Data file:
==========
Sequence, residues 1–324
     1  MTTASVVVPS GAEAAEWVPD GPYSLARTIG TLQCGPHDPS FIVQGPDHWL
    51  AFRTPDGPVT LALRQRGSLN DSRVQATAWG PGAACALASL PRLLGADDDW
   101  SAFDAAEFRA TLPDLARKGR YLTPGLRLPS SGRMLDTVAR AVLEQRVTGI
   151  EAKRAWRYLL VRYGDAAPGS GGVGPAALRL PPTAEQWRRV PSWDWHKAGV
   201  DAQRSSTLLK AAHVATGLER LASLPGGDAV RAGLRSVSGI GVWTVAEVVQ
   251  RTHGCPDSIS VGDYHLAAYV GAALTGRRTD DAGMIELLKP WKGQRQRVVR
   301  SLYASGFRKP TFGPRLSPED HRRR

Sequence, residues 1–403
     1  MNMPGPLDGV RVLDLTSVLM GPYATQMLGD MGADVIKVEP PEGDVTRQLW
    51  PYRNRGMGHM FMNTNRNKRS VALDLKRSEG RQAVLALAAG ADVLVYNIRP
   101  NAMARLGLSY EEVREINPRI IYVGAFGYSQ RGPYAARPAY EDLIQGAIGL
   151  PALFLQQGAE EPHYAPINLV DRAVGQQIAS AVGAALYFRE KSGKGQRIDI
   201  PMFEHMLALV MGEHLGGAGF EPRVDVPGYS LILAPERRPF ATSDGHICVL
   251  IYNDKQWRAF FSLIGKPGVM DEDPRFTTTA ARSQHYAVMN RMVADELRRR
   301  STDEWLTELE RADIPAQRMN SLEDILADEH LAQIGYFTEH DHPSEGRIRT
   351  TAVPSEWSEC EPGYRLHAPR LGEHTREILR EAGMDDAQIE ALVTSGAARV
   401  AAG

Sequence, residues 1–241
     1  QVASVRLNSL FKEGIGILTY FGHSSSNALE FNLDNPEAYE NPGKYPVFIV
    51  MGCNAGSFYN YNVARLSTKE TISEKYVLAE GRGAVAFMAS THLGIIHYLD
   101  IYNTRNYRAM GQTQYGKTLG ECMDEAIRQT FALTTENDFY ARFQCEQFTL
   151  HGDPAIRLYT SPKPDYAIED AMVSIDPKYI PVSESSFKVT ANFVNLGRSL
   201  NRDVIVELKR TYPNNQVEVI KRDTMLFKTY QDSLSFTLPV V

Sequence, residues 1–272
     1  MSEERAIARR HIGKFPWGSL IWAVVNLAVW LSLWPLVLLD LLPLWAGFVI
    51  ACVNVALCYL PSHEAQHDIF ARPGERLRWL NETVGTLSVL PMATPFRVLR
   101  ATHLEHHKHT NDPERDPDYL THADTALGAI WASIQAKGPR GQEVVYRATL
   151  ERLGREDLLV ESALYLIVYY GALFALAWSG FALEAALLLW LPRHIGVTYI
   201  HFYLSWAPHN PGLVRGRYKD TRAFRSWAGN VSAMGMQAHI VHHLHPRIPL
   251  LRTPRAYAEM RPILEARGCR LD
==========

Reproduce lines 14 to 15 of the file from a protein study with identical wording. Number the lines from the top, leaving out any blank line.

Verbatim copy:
   201  PMFEHMLALV MGEHLGGAGF EPRVDVPGYS LILAPERRPF ATSDGHICVL
   251  IYNDKQWRAF FSLIGKPGVM DEDPRFTTTA ARSQHYAVMN RMVADELRRR